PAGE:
Ailsa Russell, PhD
Clinical Director for the Doctorate in Clinical Psychology
University of Bath
Dr. Russell addresses treatment approaches for people with OCD and autism spectrum disorders. Her research with colleagues at Kings College London has focused on studies of people with autism, in particular trying to adapt or develop effective psychological interventions for anxiety, OCD, and other emotional disorders.
Bradley C. Riemann, PhD (Clinical Director, OCD Center & CBT Services at Rogers Memorial Hospital) and Thröstur Björgvinsson, PhD (Program Director, Houston OCD Program) answered our questions.
But the effects of suicide are no less devastating to family members of less well-known, deeply loved people.
Dr. Peggy Richter describes how CBT and various medication options can help treat people with OCD. Listen here.
Instead of letting her depression run her life, she decided to outrun it.
“I have clinical depression,” says Mara Suttman-Lea. “No, I am not depressed. I suffer from depression. They are two vastly different concepts.”
An expert explains why reassuring words that you won't get Ebola are often not enough to soothe your anxieties.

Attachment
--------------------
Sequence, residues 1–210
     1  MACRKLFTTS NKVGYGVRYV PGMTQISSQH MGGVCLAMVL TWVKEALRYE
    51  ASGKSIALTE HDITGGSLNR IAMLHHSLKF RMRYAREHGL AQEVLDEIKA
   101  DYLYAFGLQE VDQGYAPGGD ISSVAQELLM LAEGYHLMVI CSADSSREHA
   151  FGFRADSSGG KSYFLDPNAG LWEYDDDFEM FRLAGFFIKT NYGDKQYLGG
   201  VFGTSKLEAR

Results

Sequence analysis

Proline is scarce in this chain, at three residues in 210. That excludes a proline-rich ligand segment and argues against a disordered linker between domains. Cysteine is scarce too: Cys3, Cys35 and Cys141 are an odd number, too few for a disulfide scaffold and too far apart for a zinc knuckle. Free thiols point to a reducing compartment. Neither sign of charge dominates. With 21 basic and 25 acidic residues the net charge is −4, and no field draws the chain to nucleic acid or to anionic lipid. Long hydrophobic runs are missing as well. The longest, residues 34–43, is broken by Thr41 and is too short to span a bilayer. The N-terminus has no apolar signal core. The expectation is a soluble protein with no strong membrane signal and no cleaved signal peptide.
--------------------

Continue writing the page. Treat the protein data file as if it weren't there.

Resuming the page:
Take an anonymous online screening or locate a mental health screening site, including those for college students and military and their families. Screening for depression is as important as screening for physical diseases because early identification makes treatment more effective.
ADAA mourns the loss of Robin Williams and too many others whose lives have ended due to suicide. His tragic death illustrates the great need for increased public awareness of the grave risk that suicide poses.
The purpose of this study is to learn which of two forms of therapy is more likely to help people who have body dysmorphic disorder (BDD). We are comparing cognitive-behavioral therapy (CBT), which is a promising new treatment for BDD, and supportive psychotherapy (SPT), which appears to be the most widely used therapy in the community to treat BDD and related problems, such as low self-esteem or problems with family members or friends.
Adults (age18 or older):